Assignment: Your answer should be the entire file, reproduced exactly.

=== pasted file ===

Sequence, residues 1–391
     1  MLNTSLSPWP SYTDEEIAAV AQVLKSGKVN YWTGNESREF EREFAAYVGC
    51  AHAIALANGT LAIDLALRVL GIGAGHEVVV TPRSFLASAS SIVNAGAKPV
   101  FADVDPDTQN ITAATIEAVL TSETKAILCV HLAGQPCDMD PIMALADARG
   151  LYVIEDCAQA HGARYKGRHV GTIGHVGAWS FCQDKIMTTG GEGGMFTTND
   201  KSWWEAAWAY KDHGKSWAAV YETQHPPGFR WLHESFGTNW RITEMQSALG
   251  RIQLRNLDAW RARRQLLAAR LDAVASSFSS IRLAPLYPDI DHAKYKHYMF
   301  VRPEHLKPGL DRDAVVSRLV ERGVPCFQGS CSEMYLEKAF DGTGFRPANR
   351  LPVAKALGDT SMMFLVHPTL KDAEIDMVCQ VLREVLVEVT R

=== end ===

Sequence, residues 1–391
     1  MLNTSLSPWP SYTDEEIAAV AQVLKSGKVN YWTGNESREF EREFAAYVGC
    51  AHAIALANGT LAIDLALRVL GIGAGHEVVV TPRSFLASAS SIVNAGAKPV
   101  FADVDPDTQN ITAATIEAVL TSETKAILCV HLAGQPCDMD PIMALADARG
   151  LYVIEDCAQA HGARYKGRHV GTIGHVGAWS FCQDKIMTTG GEGGMFTTND
   201  KSWWEAAWAY KDHGKSWAAV YETQHPPGFR WLHESFGTNW RITEMQSALG
   251  RIQLRNLDAW RARRQLLAAR LDAVASSFSS IRLAPLYPDI DHAKYKHYMF
   301  VRPEHLKPGL DRDAVVSRLV ERGVPCFQGS CSEMYLEKAF DGTGFRPANR
   351  LPVAKALGDT SMMFLVHPTL KDAEIDMVCQ VLREVLVEVT R